An ordinance that prohibits biotech crops in Oregon’s Jackson County is vague enough to encompass some conventionally bred crops, according to ban opponents.
The recently-passed ballot initiative contains a broad definition of genetic engineering that could make conventional growers an easy target for lawsuits, they say.
While ban proponents claim that genetically modified organisms, or GMOs, were narrowly defined, they won’t necessarily be enforcing the ordinance, said Ian Tolleson, governmental affairs associate with Oregon Farm Bureau.
“It could be interpreted a different way,” Tolleson said.
A plaintiff with an expansive interpretation of the “genetically engineered” definition could sue over crops that were never regulated by USDA, he said.
“A lot of conventional crops are bred using pretty radical techniques,” said Steve Strauss, an Oregon State University forestry professor who specializes in biotechnology.
Biotech alfalfa and sugar beets genetically engineered to withstand glyphosate herbicides are prominent examples of the GMO controversy in Oregon.
These crops were developed by inserting genes from potentially pathogenic soil bacteria into alfalfa and sugar beets, so the USDA restricted their cultivation as possible plant pests.
The agency eventually deregulated the crops, allowing them to be grown freely, which triggered years of litigation.
Language in the Jackson County GMO ban, however, doesn’t appear to limit the prohibition to plants that incorporate genes from other organisms.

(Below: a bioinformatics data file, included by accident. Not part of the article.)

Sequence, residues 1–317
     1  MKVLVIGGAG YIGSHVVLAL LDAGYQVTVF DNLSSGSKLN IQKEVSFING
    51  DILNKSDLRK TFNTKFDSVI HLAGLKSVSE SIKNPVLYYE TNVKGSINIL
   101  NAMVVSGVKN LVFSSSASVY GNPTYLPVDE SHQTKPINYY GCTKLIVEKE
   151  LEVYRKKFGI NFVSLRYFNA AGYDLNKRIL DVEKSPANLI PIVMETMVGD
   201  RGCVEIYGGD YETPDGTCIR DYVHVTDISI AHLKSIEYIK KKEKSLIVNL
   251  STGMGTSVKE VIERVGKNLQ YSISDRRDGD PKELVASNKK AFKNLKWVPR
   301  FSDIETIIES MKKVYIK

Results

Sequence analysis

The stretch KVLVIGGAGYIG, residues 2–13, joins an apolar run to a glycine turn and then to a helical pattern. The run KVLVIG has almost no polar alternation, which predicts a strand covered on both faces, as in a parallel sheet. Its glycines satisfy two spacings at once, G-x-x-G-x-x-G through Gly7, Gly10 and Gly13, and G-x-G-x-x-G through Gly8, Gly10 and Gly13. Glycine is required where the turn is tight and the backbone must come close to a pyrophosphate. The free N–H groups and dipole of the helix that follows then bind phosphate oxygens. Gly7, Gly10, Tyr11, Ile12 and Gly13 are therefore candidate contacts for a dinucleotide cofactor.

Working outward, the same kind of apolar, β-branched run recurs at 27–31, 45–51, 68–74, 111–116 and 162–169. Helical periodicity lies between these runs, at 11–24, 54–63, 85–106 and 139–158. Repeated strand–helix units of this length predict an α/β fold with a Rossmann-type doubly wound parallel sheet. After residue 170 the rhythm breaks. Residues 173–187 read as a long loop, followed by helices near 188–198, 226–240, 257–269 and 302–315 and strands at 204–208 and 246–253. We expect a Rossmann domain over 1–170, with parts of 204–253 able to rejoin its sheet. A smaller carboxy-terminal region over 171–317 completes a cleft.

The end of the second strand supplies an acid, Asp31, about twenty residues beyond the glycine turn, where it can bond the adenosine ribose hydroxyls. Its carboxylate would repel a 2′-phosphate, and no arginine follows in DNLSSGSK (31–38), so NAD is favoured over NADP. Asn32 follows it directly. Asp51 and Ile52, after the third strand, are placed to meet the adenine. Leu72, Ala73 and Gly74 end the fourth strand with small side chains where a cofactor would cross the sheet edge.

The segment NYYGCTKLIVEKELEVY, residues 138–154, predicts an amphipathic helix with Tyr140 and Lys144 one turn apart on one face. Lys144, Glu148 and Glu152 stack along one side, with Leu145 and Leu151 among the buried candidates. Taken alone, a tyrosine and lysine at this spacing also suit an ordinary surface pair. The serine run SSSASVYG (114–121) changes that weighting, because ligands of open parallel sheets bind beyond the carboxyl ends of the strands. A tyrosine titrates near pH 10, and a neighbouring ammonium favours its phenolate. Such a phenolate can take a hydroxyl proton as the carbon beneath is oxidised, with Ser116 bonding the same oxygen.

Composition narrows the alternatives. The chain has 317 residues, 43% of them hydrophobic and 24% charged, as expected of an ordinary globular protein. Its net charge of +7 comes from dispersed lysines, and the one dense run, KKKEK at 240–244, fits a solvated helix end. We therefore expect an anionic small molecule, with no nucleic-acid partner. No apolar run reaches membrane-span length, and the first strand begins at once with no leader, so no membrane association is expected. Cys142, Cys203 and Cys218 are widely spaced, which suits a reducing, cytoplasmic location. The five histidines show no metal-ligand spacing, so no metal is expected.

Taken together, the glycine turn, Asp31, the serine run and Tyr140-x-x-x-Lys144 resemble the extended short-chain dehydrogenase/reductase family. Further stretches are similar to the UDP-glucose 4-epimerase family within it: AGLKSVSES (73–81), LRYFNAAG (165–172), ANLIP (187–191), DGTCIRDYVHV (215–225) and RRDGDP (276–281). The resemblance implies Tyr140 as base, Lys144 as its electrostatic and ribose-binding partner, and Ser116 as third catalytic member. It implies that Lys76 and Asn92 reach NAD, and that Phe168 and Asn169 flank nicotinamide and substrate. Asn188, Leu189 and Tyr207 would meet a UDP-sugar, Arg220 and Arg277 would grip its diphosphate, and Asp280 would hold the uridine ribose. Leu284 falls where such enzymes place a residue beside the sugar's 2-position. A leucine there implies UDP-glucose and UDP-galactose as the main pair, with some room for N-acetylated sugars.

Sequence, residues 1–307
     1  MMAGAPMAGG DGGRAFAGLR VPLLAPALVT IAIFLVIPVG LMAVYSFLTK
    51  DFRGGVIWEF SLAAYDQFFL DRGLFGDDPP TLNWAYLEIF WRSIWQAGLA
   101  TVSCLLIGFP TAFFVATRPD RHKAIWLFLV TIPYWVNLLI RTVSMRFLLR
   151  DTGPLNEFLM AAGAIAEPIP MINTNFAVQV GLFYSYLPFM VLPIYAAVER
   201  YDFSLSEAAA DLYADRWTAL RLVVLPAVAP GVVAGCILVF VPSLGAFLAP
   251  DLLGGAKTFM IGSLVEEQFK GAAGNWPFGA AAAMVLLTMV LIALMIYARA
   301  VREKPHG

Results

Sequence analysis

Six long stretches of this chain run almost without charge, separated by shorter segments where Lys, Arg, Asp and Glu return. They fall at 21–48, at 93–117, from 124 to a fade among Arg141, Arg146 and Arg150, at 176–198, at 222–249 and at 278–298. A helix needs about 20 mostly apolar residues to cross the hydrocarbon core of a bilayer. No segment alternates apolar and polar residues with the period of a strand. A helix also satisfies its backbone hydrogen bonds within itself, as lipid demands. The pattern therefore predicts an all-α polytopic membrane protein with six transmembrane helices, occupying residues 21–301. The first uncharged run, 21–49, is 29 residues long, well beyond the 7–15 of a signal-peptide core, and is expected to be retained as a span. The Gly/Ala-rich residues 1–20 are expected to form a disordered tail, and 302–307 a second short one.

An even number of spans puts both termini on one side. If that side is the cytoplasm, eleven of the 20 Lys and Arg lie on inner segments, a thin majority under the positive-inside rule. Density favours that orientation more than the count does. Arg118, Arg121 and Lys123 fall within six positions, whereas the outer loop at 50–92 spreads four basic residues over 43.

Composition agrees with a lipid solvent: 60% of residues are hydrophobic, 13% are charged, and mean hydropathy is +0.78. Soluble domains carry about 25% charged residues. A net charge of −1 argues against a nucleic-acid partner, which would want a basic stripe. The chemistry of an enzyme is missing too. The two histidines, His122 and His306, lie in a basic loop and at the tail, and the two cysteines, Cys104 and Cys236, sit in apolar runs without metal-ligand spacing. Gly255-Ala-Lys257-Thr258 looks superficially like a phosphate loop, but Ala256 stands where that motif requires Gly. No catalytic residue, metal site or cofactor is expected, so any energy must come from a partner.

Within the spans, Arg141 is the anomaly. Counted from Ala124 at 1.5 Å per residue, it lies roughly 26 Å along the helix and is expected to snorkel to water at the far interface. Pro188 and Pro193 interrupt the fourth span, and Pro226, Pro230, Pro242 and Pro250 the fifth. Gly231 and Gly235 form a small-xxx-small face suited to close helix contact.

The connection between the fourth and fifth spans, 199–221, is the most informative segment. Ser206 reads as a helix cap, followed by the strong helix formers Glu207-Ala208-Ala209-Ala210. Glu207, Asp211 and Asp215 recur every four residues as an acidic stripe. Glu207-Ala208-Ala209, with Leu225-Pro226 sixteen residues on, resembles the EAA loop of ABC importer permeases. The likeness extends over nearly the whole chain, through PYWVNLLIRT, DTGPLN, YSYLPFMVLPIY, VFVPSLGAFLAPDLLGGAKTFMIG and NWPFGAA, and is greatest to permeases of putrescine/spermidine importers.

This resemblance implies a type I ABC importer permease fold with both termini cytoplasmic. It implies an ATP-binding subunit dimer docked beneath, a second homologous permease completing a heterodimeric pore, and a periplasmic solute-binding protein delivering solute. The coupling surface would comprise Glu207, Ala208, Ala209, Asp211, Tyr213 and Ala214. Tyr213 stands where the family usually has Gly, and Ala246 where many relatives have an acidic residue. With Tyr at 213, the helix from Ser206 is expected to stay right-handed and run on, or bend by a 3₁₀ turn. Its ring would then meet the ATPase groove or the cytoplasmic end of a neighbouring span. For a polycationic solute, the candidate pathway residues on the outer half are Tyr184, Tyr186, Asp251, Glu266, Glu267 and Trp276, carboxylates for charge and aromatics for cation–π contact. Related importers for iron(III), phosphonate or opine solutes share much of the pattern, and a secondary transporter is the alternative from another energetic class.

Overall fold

The ballot initiative defined genetic engineering to include gene deletion, gene doubling and changing gene positions, among other techniques.
Shifts in gene sequences can be achieved through conventional breeding, said Scott Dahlman, executive director of Oregonians for Food and Shelter, which supports biotechnology.
The concern is that it will be up to plaintiffs to determine which method of altering gene sequences is acceptable and which isn’t, he said.
For example, modern breeders use chemical “disruptors” to force chromosome doubling in crops, said Strauss.
“You’re basically screwing up the process of chromosomal sorting,” he said.
This technique seems to fall under the ordinance’s definition of genetic engineering, as does “cutting and pasting” of genetic sequences within the same plant, he said.
“It will depend on whether someone files a lawsuit about it,” Strauss said.
The ordinance’s language is in line with the internationally recognized definition of genetic engineering, said George Kimbrell, attorney with the Center for Food Safety, which supports the ban.
“Any arguments that it is over-inclusive or improper have no basis,” Kimbrell said.
Farmers in Jackson County are well aware which crops are considered genetically engineered, so the idea of litigation over conventional crops is “ludicrous,” he said.
Kimbrell did acknowledge that the GMO definition doesn’t distinguish between crops that came under USDA regulation and those that did not.
“What the USDA does or does not do is irrelevant to the ordinance,” he said.
The USDA could have partially restricted production of genetically engineered alfalfa in some areas but ultimately back away from the idea, Kimbrell said.
The agency’s unwillingness to strongly regulate GMOs was the reason the Jackson County ordinance was necessary, he said.
“Farmers are not getting the protection they’re entitled to from the federal government,” Kimbrell said.